Little scandals: Paraeducator banished from South Natomas special education class after dispute reaches social media

Veteran teacher’s aide can’t find work since criticizing Little Rascals showing

This is an extended version of a story that ran in the March 2, 2017, issue.

After drawing attention to a classroom incident with unfortunate racial overtones, veteran paraeducator Cory Burleson-Bayone can’t find work in Sacramento County.

Events began February 9 during a special-education class at Bannon Creek Elementary in South Natomas. There teacher Ju Park put on a The Little Rascals DVD from the 1930s for students working on an art project so she could attend a meeting.

Like many things from the ’30s, the series of short comic films about poor neighborhood kids, originally known as Our Gang, contains material that is questionable by today’s standards. The most objectionable moment in the DVD comes when the young characters give joke answers to a teacher during a pop quiz. When she asks where they got these answers, one student holds up a “Minstrel and Blackface Joke Book.”

Appalled, Burleson-Bayone, one of three part-time paraeducators in the room, snapped a cellphone photo of a black student who raised a fist in front of the screen. The photo was taken from behind the student’s seat so his face is not visible. Burleson-Bayone shared the photo with her sister, who sent it to a friend, Faith McKinnie, who then tweeted the photo and tagged Natomas Unified School District and Sacramento County. (While the special education class takes place inside Bannon Creek, which is part of Natomas Unified, it is administered by the Sacramento County Office of Education.)

Burleson-Bayone says she didn’t know this would happen, but the photo ended up triggering a disciplinary double-standard: understanding for the well-intentioned instructor who put on the outdated material, and exile for the longtime classroom aide whose displeasure reached social media.

McKinnie took it upon herself to write a blog post, titled “The Minstrel Classroom.” The post linked to more offensive clips from The Little Rascals series that were not shown to students—none of whom reported “concerns about the content of the DVD,” according to an official report by the Sacramento County Office of Education, which learned of the incident through the social-media posts.

Burleson-Bayone says she learned of the tweet and blog post for the first time the next day, when other teachers stormed into the classroom asking who had provided the picture. Burleson-Bayone said the students responded by pointing and calling her a “snitch.”

“I’m just sinking in my desk,” Burleson-Bayone told SN&R. “It was not a good day. It was probably the most horrible day I’ve lived. [But] when things come up in your lap, and you want to fight for children’s rights, you have to do what you’re called to do.”

After school ended, Burleson-Bayone tried logging onto the account that gives her access to her paycheck and open teaching jobs in Sacramento County, but found that she had been locked out and that her contracted days at Bannon Creek had been terminated due to an “investigation.”

SCOE Superintendent Dave Gordon said this occurred because Burleson-Bayone violated a policy against using cellphones and photographing students without permission, particularly those with special needs. She claims she wasn’t aware of the policy.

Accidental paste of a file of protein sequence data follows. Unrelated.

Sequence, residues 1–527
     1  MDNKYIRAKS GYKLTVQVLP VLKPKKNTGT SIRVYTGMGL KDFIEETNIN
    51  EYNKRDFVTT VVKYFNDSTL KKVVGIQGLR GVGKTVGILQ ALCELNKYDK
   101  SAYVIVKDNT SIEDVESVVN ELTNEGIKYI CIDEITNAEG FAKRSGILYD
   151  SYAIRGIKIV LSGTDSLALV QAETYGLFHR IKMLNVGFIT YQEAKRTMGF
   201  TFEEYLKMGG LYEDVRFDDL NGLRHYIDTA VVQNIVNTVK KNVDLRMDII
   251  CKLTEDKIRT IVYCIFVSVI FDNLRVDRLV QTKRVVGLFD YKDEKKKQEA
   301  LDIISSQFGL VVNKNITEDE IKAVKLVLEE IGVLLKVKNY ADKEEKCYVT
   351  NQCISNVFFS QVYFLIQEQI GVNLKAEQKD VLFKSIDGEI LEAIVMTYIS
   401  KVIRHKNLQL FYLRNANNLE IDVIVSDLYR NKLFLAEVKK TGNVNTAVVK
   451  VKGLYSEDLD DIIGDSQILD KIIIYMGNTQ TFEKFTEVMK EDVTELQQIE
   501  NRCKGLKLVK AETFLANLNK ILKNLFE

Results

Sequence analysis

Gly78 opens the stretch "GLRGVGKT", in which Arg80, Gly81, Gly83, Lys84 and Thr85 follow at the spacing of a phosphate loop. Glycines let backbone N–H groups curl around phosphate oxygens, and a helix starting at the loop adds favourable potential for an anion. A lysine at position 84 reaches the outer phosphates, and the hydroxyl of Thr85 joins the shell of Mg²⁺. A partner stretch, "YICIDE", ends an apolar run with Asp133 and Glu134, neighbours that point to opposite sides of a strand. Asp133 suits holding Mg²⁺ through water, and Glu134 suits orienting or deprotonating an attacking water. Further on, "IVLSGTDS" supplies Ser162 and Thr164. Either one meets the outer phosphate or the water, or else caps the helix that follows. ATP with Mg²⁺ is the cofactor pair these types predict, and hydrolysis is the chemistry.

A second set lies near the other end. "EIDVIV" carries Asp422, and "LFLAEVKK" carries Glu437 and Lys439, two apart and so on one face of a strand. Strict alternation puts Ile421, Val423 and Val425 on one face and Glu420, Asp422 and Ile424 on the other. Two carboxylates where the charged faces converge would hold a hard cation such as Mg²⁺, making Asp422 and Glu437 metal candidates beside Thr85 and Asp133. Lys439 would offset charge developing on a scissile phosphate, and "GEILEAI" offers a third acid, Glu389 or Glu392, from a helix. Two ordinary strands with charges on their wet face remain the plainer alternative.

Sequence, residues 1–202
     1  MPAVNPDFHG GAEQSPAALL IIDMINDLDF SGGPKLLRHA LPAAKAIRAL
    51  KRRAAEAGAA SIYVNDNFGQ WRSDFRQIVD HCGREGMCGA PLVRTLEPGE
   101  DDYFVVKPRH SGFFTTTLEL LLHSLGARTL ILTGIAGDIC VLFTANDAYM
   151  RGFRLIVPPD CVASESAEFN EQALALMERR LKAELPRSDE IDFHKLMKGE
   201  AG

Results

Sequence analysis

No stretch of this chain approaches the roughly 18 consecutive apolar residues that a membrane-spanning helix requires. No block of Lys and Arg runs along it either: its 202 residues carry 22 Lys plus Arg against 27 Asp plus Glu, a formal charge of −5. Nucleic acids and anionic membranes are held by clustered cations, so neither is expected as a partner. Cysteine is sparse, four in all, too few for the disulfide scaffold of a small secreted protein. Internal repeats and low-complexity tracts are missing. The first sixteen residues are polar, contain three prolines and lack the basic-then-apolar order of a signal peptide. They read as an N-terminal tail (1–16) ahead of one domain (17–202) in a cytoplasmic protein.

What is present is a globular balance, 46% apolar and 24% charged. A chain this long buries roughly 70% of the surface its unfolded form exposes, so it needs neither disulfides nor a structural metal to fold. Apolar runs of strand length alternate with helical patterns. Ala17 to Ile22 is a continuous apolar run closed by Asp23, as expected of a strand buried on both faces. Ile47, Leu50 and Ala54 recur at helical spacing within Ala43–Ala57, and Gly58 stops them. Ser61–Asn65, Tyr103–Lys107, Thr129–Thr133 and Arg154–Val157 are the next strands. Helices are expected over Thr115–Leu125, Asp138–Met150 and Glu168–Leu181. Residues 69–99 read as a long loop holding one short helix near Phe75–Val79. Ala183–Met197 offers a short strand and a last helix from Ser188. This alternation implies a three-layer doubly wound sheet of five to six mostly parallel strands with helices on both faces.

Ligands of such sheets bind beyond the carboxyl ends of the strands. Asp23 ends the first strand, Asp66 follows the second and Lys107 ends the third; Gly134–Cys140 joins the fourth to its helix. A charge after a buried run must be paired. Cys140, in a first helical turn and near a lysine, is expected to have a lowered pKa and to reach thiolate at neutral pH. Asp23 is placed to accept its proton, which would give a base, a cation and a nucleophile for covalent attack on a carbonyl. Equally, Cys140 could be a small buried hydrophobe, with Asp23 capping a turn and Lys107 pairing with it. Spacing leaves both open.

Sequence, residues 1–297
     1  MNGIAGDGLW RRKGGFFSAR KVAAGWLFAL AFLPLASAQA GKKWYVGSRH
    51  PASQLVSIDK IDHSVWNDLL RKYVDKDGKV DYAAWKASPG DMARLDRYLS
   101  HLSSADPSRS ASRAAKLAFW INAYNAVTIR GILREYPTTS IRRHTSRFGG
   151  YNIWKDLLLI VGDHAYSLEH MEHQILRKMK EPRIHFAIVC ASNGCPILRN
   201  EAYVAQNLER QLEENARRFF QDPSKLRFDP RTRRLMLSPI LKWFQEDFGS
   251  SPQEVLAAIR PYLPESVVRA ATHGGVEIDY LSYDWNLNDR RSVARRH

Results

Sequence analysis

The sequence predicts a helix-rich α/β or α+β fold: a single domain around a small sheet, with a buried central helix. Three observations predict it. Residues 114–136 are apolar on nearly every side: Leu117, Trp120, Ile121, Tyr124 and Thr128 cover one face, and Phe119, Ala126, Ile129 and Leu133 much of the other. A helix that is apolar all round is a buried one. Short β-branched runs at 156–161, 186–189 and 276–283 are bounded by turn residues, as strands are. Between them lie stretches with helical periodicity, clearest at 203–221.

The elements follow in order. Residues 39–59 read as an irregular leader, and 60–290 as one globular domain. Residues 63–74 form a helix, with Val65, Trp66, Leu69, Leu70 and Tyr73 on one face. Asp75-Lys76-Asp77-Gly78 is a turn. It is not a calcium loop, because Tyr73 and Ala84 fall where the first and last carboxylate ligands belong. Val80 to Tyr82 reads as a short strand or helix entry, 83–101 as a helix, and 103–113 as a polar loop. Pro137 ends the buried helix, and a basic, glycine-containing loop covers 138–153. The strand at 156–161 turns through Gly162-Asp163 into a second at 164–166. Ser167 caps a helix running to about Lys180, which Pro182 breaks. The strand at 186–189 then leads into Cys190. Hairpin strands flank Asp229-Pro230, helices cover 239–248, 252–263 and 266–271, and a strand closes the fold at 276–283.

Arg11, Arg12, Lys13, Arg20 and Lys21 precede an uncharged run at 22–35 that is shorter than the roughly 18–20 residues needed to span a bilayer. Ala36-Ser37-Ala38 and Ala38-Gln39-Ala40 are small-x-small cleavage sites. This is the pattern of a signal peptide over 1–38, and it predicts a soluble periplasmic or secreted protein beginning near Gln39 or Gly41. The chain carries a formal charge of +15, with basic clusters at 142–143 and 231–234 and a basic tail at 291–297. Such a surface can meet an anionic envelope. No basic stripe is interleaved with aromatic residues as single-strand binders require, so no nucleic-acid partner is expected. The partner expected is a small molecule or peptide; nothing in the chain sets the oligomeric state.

SCOE spokesman Tim Herrerra said that the county was in the process of setting up a meeting with Burleson-Bayone to discuss her violations, but that she declined to speak with SCOE representatives “without proper legal representation.”

“The fact that Ju Park and the other staff that were present are still employed gives me reason to believe that I will and would not be properly supported,” Burleson-Bayone wrote in a follow-up email explaining her decision. “I also still have a failed log-in account. What’s needed to be said or done can be done in writing.”

Gordon declined to say whether Park faced disciplinary action. SCOE has since implemented new policies requiring teachers to preview supplemental materials prior to showing them to students, and ensure that certified staff members are present before leaving a classroom. As part-time classroom aides, paraeducators are not considered certified staff.

Gordon said he wished that Burleson-Bayone had contacted the school’s administration first, but didn’t disapprove of the issue being raised. The meeting with his office, he added, wasn’t to “demean her, because she did what she thought was right at the time. We just want to explain why that was not appropriate from our perspective.”

In its report, SCOE concluded the blog intended “to assert that minstrel and blackface material was shown to the children,” which was not quite the case.

Burleson-Bayone said she was not interviewed about the incident for the report. The 16-year educator said she found the decision to present the outdated film series to a special education classroom with impressionable students potentially harmful. And she believes the matter could have been resolved differently.

“If [they] would have just asked me [about what should be done], it would have been a simple, ’Hey, we screwed up. We apologize. We’re sorry. Let’s burn it,’” she said. “It’s a mess.”

It wasn’t the only race-based flare-up at a Sacramento school. Kennedy High School on Monday ended a long-standing tradition of auctioning off seniors to act as servants for a day to raise money for its senior ball. An African-American senior who created an online petition to end the practice criticized the fundraiser for conjuring associations to slavery during Black History Month.

Editor’s note: This story has been updated. The original version incorrectly identified the special education class as being administered by Bannon Creek Elementary School. The school simply hosts the class. SN&R regrets the error.